A CAFÉ in an historic North-East building is to be brought back to life in an “exciting” initiative aimed at giving autistic people employment opportunities and work experience.
The Sunderland Minster café closed during the pandemic but is being reopened thanks to a partnership with the North East Autism Society (NEAS).
Students from Thornhill Park School, an independent specialist school run by NEAS, will be working at the café when it reopens to the public from June 23.
“It’s a really exciting project for many of our older pupils who’ve missed out on work experience due to Covid,” said Nadine Horton, who has been principal at the Sunderland school since September and has a wealth of experience in specialist education.
The students started by choosing a new name for the café – Down The Rabbit Hole – to celebrate Sunderland’s links with Lewis Carroll, author of Alice’s Adventures in Wonderland. Carroll is reputed to have drawn inspiration for some of his characters while visiting his sisters, Mary and Elizabeth, who lived in the Southwick area of the city.
Thornhill Park students have already helped create the menus for the café. They will also be involved in preparing meals, customer service, and dealing with money.
The menu will include scones, soup, sandwiches, cakes, teas, coffees and soft drinks, with catering taking place in a kitchen area at the Minster. However, NEAS chefs will initially make some of the food items back at the school while the students are building experience and confidence.
The initiative has been passionately driven by Level 4 Teaching Assistant, Andy Marsh, while school cook, Catherine Campbell, has provided expert guidance on food health and safety. Students engaged in the project will work towards a Level 2 food hygiene qualification, and there will be further links to school studies.
It all started when Nadine, who had family connections with the Minster, sent a speculative email, asking about the possibility of the café area being hired.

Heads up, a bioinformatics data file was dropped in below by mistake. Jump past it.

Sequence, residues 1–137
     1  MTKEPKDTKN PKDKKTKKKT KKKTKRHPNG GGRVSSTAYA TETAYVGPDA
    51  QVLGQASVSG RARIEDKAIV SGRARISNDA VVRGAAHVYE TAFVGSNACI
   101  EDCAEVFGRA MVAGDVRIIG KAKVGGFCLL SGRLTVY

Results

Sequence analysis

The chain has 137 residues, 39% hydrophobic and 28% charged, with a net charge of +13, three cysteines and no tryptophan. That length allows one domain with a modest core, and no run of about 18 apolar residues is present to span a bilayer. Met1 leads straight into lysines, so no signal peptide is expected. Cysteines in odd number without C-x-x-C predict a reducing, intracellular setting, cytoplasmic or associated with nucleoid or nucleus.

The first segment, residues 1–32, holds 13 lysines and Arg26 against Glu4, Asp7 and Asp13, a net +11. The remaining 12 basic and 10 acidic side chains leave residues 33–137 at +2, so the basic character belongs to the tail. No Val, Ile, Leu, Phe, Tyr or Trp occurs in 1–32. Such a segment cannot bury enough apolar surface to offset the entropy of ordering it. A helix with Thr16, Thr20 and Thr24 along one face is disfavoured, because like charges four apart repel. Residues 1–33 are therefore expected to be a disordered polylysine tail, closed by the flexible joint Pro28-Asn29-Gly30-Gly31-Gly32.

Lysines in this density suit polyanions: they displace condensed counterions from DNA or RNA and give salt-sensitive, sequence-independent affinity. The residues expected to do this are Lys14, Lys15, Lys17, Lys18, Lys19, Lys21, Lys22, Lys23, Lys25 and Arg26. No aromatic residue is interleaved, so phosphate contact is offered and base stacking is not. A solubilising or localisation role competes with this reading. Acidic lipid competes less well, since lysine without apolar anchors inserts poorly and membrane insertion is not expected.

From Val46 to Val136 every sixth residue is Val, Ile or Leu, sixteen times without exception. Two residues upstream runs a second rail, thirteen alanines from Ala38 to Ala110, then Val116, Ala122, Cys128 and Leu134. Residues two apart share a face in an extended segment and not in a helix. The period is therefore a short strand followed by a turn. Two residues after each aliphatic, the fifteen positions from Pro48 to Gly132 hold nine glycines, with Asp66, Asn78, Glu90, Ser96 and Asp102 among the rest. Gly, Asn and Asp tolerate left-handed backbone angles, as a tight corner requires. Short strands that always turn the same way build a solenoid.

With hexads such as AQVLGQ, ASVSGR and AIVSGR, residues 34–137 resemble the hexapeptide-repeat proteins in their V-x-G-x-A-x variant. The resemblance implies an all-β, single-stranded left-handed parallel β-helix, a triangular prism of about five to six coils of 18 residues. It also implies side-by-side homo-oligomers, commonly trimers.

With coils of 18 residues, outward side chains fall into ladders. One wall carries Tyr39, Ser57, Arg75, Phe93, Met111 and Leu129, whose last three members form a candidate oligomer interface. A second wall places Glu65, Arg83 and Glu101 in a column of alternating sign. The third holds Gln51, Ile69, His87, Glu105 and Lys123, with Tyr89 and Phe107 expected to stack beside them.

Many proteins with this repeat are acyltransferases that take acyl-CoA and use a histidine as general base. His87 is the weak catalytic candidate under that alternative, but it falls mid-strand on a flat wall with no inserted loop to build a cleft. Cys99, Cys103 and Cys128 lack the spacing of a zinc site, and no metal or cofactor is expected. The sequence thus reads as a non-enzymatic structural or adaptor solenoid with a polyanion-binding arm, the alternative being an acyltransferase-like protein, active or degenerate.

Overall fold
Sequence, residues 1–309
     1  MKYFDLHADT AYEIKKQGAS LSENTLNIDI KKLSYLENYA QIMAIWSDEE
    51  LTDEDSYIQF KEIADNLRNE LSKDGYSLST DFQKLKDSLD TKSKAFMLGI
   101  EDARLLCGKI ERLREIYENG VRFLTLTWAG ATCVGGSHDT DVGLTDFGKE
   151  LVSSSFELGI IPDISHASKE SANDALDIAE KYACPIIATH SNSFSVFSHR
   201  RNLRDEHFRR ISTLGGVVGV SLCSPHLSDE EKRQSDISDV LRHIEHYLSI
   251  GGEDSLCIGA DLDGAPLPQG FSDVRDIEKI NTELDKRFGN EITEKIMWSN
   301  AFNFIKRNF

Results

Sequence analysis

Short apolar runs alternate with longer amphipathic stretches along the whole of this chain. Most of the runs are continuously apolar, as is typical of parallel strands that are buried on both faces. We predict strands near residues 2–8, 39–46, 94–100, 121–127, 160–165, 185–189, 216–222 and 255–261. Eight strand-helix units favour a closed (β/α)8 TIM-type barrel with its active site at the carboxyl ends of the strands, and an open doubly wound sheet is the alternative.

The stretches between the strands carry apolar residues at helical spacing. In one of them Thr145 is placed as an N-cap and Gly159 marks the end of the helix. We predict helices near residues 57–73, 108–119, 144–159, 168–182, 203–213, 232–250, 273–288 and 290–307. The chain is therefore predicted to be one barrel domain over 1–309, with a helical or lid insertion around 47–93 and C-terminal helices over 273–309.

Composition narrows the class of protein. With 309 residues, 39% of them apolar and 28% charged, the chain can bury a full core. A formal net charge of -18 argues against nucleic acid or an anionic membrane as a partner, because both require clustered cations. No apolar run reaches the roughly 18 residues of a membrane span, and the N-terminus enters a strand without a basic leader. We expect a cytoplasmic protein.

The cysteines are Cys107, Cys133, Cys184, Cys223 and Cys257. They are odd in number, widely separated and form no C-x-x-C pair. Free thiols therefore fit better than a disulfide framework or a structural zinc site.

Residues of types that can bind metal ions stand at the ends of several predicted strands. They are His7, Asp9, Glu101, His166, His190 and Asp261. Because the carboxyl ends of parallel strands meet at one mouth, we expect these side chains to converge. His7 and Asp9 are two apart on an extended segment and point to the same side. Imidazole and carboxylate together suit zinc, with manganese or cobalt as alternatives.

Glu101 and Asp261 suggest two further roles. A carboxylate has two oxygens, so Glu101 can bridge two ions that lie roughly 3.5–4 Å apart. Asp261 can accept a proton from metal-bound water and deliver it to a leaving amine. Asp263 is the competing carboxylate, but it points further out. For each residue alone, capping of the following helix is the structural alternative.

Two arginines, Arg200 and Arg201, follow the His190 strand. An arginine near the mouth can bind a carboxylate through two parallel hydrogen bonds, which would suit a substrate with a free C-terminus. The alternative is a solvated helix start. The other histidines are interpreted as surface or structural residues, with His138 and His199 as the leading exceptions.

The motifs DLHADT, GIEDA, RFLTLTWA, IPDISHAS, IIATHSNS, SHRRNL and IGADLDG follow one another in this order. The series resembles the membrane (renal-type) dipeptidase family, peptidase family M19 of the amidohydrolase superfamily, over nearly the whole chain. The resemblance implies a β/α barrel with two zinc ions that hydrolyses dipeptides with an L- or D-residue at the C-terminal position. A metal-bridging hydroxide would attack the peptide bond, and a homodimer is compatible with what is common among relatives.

“We were looking to rebuild our work placement partnerships after the pandemic, and the café at the Minster seemed a good opportunity because it had been closed for a while, and NEAS also has a shop just round the corner,” she explained.
“I got an immediate response, asking me to pop in for a chat and, to my delight, they said ‘OK, let’s do it!’ It’s a win-win situation because the café will be brought back to life as part of the community, and our pupils will get real-life employment opportunities and work experience.
““As part of their individual learning programmes, some pupils will attend the café on a weekly basis. For some, it will support longer-term goals to pursue careers in catering, but for everyone involved, it will help develop interpersonal skills. I’m so passionate about specialist education and the key is to make learning real. This project does exactly that.”
The café will be run as a not-for-profit venture, initially between 10am and 2pm on Wednesdays and Thursdays during term times. However, Nadine hopes to involve NEAS adult services in future, enabling the café to open on more days.
It is also hoped that there will be opportunities for cross-promotion at nearby Sunderland Empire.
“There are so many wonderful opportunities – we can’t wait to start serving our first customers,” declared Nadine.